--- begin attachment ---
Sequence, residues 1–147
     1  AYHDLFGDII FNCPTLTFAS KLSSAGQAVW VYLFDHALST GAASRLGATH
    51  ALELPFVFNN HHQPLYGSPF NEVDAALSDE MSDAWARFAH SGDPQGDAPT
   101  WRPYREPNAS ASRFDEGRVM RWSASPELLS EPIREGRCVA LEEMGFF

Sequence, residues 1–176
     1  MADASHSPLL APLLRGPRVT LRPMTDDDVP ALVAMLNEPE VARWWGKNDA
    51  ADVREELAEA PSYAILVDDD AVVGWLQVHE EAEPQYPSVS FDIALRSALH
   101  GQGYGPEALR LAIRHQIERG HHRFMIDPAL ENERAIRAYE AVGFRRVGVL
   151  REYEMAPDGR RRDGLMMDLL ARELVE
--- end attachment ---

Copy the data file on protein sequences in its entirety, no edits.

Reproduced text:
Sequence, residues 1–147
     1  AYHDLFGDII FNCPTLTFAS KLSSAGQAVW VYLFDHALST GAASRLGATH
    51  ALELPFVFNN HHQPLYGSPF NEVDAALSDE MSDAWARFAH SGDPQGDAPT
   101  WRPYREPNAS ASRFDEGRVM RWSASPELLS EPIREGRCVA LEEMGFF

Sequence, residues 1–176
     1  MADASHSPLL APLLRGPRVT LRPMTDDDVP ALVAMLNEPE VARWWGKNDA
    51  ADVREELAEA PSYAILVDDD AVVGWLQVHE EAEPQYPSVS FDIALRSALH
   101  GQGYGPEALR LAIRHQIERG HHRFMIDPAL ENERAIRAYE AVGFRRVGVL
   151  REYEMAPDGR RRDGLMMDLL ARELVE